As stated in the recent report by Gartner Research, the anxiety about automation of the work world and the advent of smart machines will have a widespread and deep business impact by 2020. According to Gartner, CEOs underestimate how fast smart machines will take millions of middle-class jobs in the coming decades. Kenneth Brant, research director at Gartner, said in a statement that the pace of “job destruction” will happen faster than the ability to create new ones. The difference is coming as machines evolve from automated tasks to more advanced self-learning systems that are as capable of doing very specialized jobs, and IT will feel the pain as there won’t be the need to do much of the manual work that technicians perform today. As debated by many, what may seem like a fantasy at this moment, will in time be the way “things” will actually work in the coming years.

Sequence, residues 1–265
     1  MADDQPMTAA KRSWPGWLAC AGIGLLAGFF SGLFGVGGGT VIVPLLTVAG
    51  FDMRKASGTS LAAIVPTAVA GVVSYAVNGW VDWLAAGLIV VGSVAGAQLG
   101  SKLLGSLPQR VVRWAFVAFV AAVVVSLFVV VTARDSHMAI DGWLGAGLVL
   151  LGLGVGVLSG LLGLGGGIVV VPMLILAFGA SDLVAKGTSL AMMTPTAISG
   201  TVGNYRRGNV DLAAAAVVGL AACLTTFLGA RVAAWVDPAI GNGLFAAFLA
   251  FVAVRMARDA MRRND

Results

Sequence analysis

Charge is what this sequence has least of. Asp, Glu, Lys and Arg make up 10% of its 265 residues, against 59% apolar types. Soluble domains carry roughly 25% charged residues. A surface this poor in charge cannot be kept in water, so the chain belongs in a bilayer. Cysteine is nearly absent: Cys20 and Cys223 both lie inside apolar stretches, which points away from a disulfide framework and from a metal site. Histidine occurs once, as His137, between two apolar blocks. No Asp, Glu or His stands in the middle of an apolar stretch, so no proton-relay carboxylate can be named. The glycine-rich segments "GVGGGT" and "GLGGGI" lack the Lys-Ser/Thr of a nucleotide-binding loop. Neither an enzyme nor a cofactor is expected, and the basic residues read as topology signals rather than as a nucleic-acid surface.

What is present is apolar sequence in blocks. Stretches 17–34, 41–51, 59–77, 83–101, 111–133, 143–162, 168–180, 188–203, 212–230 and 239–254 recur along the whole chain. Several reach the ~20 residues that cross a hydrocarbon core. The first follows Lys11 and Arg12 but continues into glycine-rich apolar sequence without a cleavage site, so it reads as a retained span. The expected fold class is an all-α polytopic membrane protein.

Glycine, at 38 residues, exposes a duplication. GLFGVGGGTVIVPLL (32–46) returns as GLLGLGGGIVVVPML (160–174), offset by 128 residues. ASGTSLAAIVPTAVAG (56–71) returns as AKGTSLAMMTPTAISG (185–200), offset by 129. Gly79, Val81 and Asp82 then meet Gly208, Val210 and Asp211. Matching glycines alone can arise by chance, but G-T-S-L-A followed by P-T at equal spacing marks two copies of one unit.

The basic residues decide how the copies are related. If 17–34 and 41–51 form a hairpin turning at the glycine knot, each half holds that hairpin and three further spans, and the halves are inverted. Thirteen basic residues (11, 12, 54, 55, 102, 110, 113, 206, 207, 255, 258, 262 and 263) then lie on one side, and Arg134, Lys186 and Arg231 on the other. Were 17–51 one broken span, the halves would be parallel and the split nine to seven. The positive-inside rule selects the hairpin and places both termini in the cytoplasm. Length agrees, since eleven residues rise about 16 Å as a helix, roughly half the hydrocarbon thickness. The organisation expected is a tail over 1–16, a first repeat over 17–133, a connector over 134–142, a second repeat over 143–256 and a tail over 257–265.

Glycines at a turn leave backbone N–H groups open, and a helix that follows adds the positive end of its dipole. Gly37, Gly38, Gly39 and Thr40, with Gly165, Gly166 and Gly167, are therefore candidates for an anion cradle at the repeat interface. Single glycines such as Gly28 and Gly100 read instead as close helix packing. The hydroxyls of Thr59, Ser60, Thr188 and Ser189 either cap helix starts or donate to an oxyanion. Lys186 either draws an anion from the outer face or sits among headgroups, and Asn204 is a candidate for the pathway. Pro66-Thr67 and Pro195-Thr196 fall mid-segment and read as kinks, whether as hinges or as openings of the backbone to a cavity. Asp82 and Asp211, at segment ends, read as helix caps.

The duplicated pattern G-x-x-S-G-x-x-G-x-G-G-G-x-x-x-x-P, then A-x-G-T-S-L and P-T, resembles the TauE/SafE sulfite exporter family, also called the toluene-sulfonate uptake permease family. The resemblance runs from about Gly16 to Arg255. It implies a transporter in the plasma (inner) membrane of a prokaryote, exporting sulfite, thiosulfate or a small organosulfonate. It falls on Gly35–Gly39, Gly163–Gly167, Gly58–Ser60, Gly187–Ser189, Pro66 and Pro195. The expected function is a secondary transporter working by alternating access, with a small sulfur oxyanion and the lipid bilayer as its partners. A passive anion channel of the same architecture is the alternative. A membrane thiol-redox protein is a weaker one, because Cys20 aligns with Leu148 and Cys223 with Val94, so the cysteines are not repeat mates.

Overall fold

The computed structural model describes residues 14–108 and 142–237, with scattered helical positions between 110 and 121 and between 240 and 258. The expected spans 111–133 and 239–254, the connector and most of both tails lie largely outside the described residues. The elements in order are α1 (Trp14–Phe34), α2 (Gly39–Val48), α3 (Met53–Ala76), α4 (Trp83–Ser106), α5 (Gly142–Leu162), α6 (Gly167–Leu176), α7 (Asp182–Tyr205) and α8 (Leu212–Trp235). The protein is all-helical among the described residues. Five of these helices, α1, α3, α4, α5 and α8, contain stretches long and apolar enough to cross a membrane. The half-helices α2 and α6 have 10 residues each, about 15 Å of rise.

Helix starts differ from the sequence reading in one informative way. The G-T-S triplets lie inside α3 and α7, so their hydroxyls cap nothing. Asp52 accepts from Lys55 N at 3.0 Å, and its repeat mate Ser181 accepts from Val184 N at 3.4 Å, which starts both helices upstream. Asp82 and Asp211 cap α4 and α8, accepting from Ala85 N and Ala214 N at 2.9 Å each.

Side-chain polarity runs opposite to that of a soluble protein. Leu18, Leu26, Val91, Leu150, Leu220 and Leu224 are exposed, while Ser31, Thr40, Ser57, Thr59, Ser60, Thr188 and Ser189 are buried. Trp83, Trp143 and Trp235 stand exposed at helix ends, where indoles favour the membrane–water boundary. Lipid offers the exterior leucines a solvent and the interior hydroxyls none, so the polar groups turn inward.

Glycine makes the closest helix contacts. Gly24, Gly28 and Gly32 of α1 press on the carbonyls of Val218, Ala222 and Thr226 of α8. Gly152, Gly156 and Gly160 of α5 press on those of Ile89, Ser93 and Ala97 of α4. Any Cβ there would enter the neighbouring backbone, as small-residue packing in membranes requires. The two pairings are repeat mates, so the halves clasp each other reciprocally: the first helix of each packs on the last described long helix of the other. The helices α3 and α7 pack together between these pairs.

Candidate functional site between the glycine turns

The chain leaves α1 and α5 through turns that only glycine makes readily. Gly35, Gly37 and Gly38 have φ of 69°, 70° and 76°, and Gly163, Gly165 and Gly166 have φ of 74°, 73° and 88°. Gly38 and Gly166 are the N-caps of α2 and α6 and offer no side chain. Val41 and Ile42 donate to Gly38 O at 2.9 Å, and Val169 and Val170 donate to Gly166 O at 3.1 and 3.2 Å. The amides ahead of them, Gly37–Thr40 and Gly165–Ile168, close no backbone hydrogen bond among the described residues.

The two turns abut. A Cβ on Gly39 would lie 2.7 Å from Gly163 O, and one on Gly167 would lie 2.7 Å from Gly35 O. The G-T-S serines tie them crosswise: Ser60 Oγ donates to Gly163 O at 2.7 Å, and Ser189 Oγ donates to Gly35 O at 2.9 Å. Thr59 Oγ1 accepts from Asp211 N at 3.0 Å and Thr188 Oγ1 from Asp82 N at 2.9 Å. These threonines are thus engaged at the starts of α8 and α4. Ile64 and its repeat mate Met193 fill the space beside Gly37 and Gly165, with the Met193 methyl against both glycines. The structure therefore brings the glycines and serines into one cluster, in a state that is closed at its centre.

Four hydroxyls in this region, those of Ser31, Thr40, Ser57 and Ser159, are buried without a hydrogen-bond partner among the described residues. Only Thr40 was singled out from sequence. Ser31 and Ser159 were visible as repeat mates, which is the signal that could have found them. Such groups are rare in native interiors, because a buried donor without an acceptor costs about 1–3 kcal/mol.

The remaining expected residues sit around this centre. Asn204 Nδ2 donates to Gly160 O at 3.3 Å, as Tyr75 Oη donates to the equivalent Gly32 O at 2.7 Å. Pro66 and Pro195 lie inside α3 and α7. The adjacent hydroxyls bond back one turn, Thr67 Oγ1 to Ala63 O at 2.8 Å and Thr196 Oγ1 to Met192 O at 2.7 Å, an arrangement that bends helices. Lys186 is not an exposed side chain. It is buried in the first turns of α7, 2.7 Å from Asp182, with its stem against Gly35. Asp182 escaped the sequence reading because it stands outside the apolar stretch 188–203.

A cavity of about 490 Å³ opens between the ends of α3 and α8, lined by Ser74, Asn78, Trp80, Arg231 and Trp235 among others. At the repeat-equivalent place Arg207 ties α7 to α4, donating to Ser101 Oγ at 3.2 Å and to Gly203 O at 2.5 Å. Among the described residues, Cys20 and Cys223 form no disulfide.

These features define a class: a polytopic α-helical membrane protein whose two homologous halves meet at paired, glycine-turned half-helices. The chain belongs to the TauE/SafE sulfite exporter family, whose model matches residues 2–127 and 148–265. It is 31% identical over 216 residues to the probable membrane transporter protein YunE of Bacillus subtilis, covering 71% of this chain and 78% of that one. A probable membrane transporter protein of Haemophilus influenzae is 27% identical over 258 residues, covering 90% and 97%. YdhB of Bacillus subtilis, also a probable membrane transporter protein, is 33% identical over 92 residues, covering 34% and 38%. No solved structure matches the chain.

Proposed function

We are now moving greatly towards an appreciation of slow, and designers all over the world are adopting the idea to create new meaningful product. Forming the basis of many future forecasts, the movement is definitely a trend to watch out for, greatly impacting the future of businesses in many ways.
The newest fashion craze and unisex trend, Normcore combining the words “normal” and “hardcore”, is characterized by a look made from unpretentious, average-looking clothing. Interpreted as a reaction to a fashion oversaturation from fast-changing fashion trends, the term is currently the talk of the fashion streets, defining a class of people who are slowly rejecting being too fashionable to get back to a more laidback era of the 1990’s with stonewashed jeans, big white sneakers, ill-fitting baseball caps, turtlenecks, fleece jackets and the socks-with-sandals look.